3. Hillary on March 11th, 2011 1:17 pm

    Just because the kids in a virtual school won’t have the memories you described, does not mean they won’t have memories or school experiences. Those experiences will just be *different* from yours. And, frankly, just as cherished. Maybe they won’t resort to talking about how ugly their teachers are because they are spending their time with their friends playing baseball or making a robot. (Which will give them an opportunity to say, “Hey remember that time . . .”

    Education *is* changing. Those community building opportunities you mentioned – being in a play or going to assemblies – are ALL available to families outside of a school building. (Children’s theater, group assemblies to show off school projects, etc.) These things are happening now. Just because you haven’t experienced it doesn’t mean others aren’t finding or making public speaking and community building opportunities for their families.

    Being tolerant of others’ educational experiences – including homeschoolers and virtual schoolers – is something you might want to strive towards. Then, perhaps, you could return to this subject and make a substantive argument against virtual schooling.

    For instance, why do you think schooling should teach social skills? Isn’t the primary role of our school system designed for academics? And, if socialization is a objective then how do schools define under-socialized or over-socialized children? Is it measured? (In every brick-and-mortar school you will find children who don’t socialize well and/or who are too dependent on their peers. Is that the fault of the school?)

    You obviously care about education and have put some thought into the emotional side of your own schooling experience. Your thoughts on how virtual schooling *should* work and what social experiences should be a baseline for a child’s school experience would be very interesting article given your opinions. Just educate yourself first.

  4. Devin Lee on March 11th, 2011 2:08 pm

    Chelsea,
    I am a virtual high school teacher. I understand many of the concerns you outlined in your article. I had them too when I first considered taking the position of an online teacher. However, what I envisioned in my mind and what I experienced as the reality of the virtual school environment were two very different images indeed.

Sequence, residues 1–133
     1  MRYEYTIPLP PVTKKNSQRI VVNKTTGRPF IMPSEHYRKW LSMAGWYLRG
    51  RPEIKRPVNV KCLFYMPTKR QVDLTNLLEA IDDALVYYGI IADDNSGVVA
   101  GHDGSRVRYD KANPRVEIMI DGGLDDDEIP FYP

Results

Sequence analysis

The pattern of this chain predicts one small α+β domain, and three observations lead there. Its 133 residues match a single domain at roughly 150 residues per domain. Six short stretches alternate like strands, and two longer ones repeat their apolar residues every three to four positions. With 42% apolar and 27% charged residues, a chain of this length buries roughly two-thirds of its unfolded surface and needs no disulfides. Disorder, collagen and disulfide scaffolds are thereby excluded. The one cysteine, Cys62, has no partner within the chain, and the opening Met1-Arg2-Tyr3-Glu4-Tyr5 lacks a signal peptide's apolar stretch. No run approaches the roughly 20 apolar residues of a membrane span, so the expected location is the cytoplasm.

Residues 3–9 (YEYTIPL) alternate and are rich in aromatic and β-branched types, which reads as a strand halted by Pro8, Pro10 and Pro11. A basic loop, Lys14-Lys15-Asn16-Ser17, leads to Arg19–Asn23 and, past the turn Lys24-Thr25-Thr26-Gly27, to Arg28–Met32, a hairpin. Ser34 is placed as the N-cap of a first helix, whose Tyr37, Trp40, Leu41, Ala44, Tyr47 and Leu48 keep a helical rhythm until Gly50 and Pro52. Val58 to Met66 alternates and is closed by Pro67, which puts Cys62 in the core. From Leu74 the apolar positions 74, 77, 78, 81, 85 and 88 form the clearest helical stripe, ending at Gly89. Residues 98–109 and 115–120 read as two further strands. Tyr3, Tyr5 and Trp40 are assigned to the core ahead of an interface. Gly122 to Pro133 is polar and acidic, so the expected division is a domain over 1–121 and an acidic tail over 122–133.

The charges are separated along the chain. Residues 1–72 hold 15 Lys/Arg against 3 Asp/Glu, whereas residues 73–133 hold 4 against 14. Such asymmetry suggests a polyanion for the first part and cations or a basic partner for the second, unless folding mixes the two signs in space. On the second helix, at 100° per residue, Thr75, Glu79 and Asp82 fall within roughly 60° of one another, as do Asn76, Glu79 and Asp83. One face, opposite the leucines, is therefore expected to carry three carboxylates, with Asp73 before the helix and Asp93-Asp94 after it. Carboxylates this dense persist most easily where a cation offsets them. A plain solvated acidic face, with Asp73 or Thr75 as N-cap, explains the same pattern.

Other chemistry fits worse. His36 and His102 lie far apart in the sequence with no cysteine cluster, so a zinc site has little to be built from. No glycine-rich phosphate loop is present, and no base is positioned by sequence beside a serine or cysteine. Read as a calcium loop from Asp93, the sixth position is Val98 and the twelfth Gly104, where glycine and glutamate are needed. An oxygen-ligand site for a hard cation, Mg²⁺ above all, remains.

What is life like for virtual students? It’s remarkably similar in many ways to that of students in a brick-and-mortar school.
    • They attend classes conducted by the certified content-area teacher for that subject (in an online virtual classroom).
    • They chat with students before class (via the online classroom “chatbox).
    • They ask questions of the teacher for clarification on concepts (in the “chatbox” during class, via internal emails, by phone, by Instant Messenger, and/or during scheduled office hours)
    • Students even submit pictures for and may purchase a yearbook. (An actual, tangible, print copy of a yearbook, probably much like one of yours)
    • Students join Clubs and attend meetings (in the online classrooms)

    What is life not like for a virtual student?
    • There is no bullying for looking different, having different beliefs, being academically advanced. Students are free to learn, period.
    • The school day is not confined to 8am to 3pm, Monday through Friday. Students organize their academic time around family, life, medical issues, extra-curricular pursuits.
    • There is not a lack of socialization/peer interaction. They see their friends at local area field trips/outings organized by the school and form outside-of-school friendships with their classmates as well. In addition, families participate in many other activities/organizations in which their children engage with other children.
    • It is not 6 or more hours a day staring at a computer screen. In the very early grades, children spend the majority of their academic time engaged in “offline” work guided by the parent (or learning coach). So, the student has a one-on-one teaching environment as opposed to 1 teacher to 20 1st graders who need help. In the upper grades, students do spend more time working online, but they are also:
    1. completing offline science labs with materials provided by the school
    2. creating hands-on art projects for Art class
    3. participating in discussion threads that promote higher-level thinking skills

    Although virtual school may not be the ideal situation for EVERY student, it proves to be an excellent fit for some. I have students who have medical issues that would cause them to lose credits due to attendance laws if they were enrolled in a “brick-and-mortar” school. In our school, the student may log his time around doctor appointments/ medical procedures. He’s not confined to the 8am to 3pm, Monday through Friday schedule of the local public school.
    I also have students who are pursuing their interests, such as actors, professional tennis players, gymnasts, and more. These students also appreciate the flexibility of their virtual school environment.

    The picture you paint in your article is not appealing, but it is not an accurate depiction of the life of a virtual school student. I encourage you to open your mind to the possibility that your vision is skewed by your lack of knowledge on the subject of virtual schools. We often cannot understand that which we have not experienced ourselves.

    Sincerely,
    Devin Lee
    TxVA High School

  5. Terri Guhl on March 11th, 2011 3:47 pm